**Before we begin: This blog is my attempt to Codeforces Month of Blog Posts. Simple rule: Write an interesting CodeForces blog post until February 15th and win $300.**

In this blog, I will be describing the concept of Convex Optimization, and techniques that can be used to solve Convex Optimization tasks. The blog will be divided into two parts — "What is Convex Optimization", and "How do we solve Convex Optimization tasks". This part of the blog is for "How do we solve Convex Optimization tasks". (Part 1 is here)

**There are just too many ways to solve them**

One thing is for sure — There are too many ways to solve convex optimization tasks. By "too many", I mean, at least a dozen. We can't cover all of them here! So, I will be covering the methods that can be used in a majority of convex optimization tasks in this blog. Those methods would be Gradient Descent (including the Subgradient method), Coordinate descent, and Ternary Search.

**Gradient Descent**

Gradient Descent is a technique where we repeatedly move closer to the optimal point. To do this, we must find the gradient of the objective function at the current point, and move based on the gradient. If we know the gradient, we know one direction on which a more optimal point exists, so we move based on the gradient. There are two major flaws of the usual Gradient Descent, though. One flaw is that if we start at a point where the gradient is too small, the convergence will be very slow. There are ways to solve this (Backtracking Line Search is an example), but we will not cover them too technically in this article. Just remember that the methods are done by tweaking the movements, and we would be good to go. The greater issue is that, our objective function may or may not have a gradient. Not always are the objective functions differentiable, so if the objective functions are not differentiable, we cannot use the traditional Gradient Descent.

Luckily, we can still use a similar way, called the Subgradient method. For every convex function at every point, a "subgradient" exists. If a gradient exists, the gradient is a subgradient. If it doesn't, we define any gradient-like vector, where the plane/line defined by the vector underestimates the function in any point, as the subgradient. We can use this subgradient just like the gradient in Gradient Descent. The only thing to remember is that we may not converge at all if the step size is fixed, so we must reduce the step size at every iteration. This method is very convenient if we have a way to easily determine a subgradient.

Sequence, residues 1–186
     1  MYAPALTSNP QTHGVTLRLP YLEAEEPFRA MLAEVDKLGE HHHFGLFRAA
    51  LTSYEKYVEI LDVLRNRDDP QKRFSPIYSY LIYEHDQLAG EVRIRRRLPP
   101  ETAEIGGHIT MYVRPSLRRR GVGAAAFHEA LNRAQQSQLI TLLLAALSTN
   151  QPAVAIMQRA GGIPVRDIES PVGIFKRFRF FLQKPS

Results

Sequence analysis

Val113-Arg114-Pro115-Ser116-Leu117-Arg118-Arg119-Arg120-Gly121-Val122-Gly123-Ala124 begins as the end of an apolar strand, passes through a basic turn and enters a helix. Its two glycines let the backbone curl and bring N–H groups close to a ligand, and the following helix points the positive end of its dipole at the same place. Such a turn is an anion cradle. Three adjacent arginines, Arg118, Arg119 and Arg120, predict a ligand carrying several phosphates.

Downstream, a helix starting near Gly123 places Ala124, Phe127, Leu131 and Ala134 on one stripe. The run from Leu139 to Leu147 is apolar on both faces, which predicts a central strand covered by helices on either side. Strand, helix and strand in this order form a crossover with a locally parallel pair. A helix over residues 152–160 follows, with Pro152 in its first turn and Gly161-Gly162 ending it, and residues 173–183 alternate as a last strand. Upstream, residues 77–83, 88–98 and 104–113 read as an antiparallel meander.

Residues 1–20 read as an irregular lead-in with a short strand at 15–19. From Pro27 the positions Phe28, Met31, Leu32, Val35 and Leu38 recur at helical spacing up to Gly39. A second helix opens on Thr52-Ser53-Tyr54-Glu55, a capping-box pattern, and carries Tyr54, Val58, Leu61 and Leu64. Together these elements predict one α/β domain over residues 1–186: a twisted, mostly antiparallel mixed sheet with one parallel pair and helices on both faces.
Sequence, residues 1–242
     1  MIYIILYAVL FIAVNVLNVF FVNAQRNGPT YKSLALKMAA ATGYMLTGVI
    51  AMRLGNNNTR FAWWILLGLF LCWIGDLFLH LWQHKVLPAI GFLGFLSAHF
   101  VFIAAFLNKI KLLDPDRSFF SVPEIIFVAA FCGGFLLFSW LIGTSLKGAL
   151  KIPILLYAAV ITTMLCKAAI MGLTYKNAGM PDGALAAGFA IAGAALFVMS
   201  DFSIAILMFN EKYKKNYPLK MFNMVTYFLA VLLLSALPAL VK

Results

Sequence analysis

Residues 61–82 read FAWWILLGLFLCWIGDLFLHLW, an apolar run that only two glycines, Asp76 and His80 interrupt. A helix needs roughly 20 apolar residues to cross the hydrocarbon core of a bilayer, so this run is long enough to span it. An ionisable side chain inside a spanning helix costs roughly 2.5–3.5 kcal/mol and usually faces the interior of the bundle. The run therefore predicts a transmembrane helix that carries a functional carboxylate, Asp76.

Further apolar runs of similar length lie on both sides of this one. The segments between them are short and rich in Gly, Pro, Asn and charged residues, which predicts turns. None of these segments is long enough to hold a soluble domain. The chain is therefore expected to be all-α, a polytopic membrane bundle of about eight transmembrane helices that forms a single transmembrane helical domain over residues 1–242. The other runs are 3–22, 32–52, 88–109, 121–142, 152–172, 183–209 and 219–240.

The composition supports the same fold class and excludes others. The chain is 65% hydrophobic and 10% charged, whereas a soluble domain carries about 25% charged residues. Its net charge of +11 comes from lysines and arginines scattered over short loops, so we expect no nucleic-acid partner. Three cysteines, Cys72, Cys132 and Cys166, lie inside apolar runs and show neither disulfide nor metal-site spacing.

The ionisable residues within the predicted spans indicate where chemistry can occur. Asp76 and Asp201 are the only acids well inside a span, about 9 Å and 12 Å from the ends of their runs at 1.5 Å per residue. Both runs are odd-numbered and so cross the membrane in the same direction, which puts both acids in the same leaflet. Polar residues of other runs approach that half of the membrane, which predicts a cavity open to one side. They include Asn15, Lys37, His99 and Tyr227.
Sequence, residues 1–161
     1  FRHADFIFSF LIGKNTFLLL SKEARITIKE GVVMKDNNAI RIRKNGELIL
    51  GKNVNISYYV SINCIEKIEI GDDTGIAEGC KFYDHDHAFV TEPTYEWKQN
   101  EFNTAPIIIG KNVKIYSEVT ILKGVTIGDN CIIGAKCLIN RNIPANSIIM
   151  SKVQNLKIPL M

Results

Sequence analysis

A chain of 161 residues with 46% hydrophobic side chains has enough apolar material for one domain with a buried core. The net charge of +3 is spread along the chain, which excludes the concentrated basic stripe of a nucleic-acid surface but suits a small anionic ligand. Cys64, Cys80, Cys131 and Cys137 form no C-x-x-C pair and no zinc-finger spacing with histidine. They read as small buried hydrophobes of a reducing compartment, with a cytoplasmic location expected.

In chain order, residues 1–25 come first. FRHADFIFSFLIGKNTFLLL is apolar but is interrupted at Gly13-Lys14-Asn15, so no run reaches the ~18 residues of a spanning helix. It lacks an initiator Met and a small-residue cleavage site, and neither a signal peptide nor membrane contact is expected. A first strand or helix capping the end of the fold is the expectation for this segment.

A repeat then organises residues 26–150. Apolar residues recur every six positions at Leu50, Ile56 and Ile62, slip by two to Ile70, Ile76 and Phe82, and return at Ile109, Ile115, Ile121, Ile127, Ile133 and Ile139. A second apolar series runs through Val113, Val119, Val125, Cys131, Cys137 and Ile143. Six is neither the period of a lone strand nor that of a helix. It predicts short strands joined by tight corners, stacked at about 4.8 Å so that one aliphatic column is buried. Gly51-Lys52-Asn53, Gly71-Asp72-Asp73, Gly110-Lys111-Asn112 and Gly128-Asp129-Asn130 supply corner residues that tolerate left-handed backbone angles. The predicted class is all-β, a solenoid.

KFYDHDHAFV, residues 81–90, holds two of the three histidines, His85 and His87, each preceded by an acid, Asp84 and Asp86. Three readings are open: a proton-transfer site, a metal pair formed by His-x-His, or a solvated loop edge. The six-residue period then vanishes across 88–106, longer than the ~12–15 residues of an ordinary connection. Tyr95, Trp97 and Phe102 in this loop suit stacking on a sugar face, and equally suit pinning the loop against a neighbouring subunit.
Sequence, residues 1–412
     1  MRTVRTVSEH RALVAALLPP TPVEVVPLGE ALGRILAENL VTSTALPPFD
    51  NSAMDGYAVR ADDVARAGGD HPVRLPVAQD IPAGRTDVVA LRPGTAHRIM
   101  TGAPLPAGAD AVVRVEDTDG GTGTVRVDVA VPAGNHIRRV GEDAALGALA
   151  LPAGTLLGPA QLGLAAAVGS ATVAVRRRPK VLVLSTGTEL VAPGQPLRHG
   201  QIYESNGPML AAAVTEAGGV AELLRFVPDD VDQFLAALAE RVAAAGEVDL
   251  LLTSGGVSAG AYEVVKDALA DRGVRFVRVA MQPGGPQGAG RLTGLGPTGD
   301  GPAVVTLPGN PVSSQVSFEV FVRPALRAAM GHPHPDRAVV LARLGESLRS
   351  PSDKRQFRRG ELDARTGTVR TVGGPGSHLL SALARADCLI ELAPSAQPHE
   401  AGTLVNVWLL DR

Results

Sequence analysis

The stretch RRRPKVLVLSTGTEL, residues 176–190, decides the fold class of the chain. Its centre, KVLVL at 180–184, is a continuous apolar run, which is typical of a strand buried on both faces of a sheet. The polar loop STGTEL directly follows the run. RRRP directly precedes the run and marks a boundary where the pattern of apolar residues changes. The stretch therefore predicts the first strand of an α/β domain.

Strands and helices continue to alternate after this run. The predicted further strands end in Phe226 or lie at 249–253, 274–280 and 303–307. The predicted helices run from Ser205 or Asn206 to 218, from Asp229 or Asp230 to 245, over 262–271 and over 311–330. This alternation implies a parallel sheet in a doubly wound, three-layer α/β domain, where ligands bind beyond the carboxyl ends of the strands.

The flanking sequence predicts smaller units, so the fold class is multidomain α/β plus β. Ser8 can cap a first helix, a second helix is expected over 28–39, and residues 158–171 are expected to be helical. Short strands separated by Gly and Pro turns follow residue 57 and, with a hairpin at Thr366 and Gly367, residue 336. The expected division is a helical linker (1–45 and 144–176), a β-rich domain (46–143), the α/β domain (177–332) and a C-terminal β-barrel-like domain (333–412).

**Coordinate Descent**

Coordinate Descent is probably the simplest of the methods used for Convex Optimization. Not many tasks allow the usage of Coordinate Descent, but if we can use it, it makes solving the task much easier. Basically, we move along the axes on the euclidean plane. We define a variable "delta" initially, and in each step, we seek towards four directions (+x,-x,+y,-y) and see if moving towards any direction by delta reduces the value. If moving towards any direction reduces the value, we move towards that direction. If delta is constant, then we will clearly be stuck in one point at some point in time (likely the second step), so we decrease delta at every step. Coordinate Descent's flaw is that it can be stuck at situations where there are more than one direction having greatest reduction. Still, this flaw does not exist on one dimension, so you can simply treat it as a "Lazy man's Ternary Search" in one dimension.

**Ternary Search**

At this point you may say, "Wait, isn't ternary search limited to one dimension?" and you may be right. But think about it, $$$\mathbb{R}^2$$$ is just $$$\mathbb{R}$$$ in two axes. Instead of just one dimension, we can think of using the result from ternary search (the minimized/maximized value) as the function to minimize/maximize in another ternary search. This is one very simple way to solve convex optimization tasks, and is guaranteed to work very often. (If time complexity isn't an issue, that is!) Again, coordinate descent always works in one dimension, so you can replace one ternary search with coordinate descent if you want to.

**Practice Tasks**

**Easy Difficulty**

- Almost any ternary search task. Try to prove whether the objective function is convex before you solve it!

**Medium Difficulty**

- NCNA 2019 — "Weird Flecks, but OK": Usage of the Smallest Enclosing Circle task. (Kattis) (Baekjoon)
- Waterloo's local Programming Contests — "A Star not a Tree?": The Geometric Median task. (Baekjoon)

**Medium-Hard Difficulty**

- JAG Summer Camp 2019 — "All your base are belong to us": if K=1, this is the Smallest Enclosing Circle. if K=N, this is the Geometric Median. Is our objective function convex even for any arbitrary N? Time to find out. (Baekjoon)
- 2013 Japan Domestic Contest — "Anchored Balloon": Designing the objective function may be tricky for this task. Bruteforcing is one solution for the task, but using convex optimization techniques to solve it is a very good practice. (Baekjoon)

**Hard Difficulty**

- Asia Regional Contest 2007 in Tokyo — "Most Distant Point from the Sea": Some people reading the task may know this as a half-plane intersection task. And you're not wrong. Still, This task can be solved as a Convex Optimization task well enough in the TL! (Baekjoon)
- SWERC 2021-2022 "Pandemic Restrictions": The intended solution was based on convex optimization. For proof, please check the official editorial of the mirror contest. (CF Gym)

UPD: Solutions here!